Ever since I started skating about 18 years ago, I'd been pondering the idea of a rollerblading game where you could do any trick you could think of and not be restricted by whether you actually had the guts to try it. At the time although I knew how to code a bit in C and I had some 3D Studio Max experience I didn't quite know how to put the two together. Fast Forward to 2011 my cousin told me about this game engine called Unity which he said was really intuitive to use. So I gave it a shot not really expecting much of it. But the ease of just being able to drop a script onto a 3D object in your scene and it just doing exactly what you expected, just blew me away. It literally put the art and the coding together for me. At first I was just playing around, not really thinking this game would ever go anywhere, but in that playful attitude the game started developing pretty fast and it soon became a lot more serious.
Our main challenge was that the inline skating sport has so many different grind variations, so we had to come up with an intuitive way to memorize them all
We just finished a tutorial for On A Roll, something that is extremely vital for our game, because the controls–even though they are very intuitive–can be a bit difficult to grasp at first if you don't quite understand the logic behind them. Like a lot of games they just take some time to get used to. The first time I played one of the EA SKATE games for example, the game asked me to go to the tutorial section before diving into it. I kind of dismissed it with a cocky attitude, thinking “man I've played lots of extreme sports games, I'm sure I'll get it in no time.” Of course SKATE's control scheme was so unique that it didn't resemble any of those games I'd played before. Like a child who finally realized he was being a little overconfident, I went back to the tutorial section and discovered that once you understand the mechanics behind the controls they're actually super intuitive and beautifully thought out. Those intuitive controls really were a source of inspiration for On a Roll's control scheme.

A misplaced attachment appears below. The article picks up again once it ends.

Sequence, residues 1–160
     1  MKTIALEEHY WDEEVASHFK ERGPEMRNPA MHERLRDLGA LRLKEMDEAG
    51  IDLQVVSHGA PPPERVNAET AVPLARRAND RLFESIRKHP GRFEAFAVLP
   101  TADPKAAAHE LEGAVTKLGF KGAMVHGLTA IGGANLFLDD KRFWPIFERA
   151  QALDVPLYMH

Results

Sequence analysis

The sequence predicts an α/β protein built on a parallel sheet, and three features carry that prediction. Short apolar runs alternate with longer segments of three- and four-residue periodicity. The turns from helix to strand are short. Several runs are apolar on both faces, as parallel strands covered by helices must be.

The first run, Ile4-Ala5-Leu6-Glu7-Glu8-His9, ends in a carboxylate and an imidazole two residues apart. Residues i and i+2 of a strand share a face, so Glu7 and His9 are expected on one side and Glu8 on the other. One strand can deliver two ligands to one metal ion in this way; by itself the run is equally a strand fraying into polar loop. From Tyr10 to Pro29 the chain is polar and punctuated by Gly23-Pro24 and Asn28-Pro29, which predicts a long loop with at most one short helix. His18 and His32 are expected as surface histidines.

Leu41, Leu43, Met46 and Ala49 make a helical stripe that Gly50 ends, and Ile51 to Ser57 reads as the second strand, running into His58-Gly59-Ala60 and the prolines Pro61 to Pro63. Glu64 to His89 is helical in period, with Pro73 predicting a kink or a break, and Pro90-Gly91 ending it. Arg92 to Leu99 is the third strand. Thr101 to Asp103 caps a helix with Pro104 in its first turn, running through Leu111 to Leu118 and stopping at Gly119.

Our main challenge was that the inline skating sport has so many different grind variations (over 80 different ways to position the feet and body), so we had to come up with an intuitive way to memorize them all. I eventually came up with a system where basically each analog stick of your modern day controller influences a separate foot. By pulling the stick in a certain direction you will also aim the avatar’s corresponding foot in that direction. When combining the two analog sticks the player is able to have a 100% control over the positioning of each of the avatar’s feet while grinding. We basically tried to apply the same logic for every trick or stunt in the game.
It's been a crazy ride so far, but I really feel blessed that I was able to combine all of my passions into this project and still make a decent living out of it. We recently finished the alpha master of our game and are working hard to iron out all the kinks for the beta version, which should be finished some time after the summer. After that we will continue to work on the visual aspects and animations of the game, getting rid of any remaining bugs–with the help of dedicated beta testers–and of course start porting the game to consoles.
If you like our project and want to receive more development updates or news about the game, be sure to follow us at facebook.com/onarollstudio or Twitter: twitter.com/OnARollStudio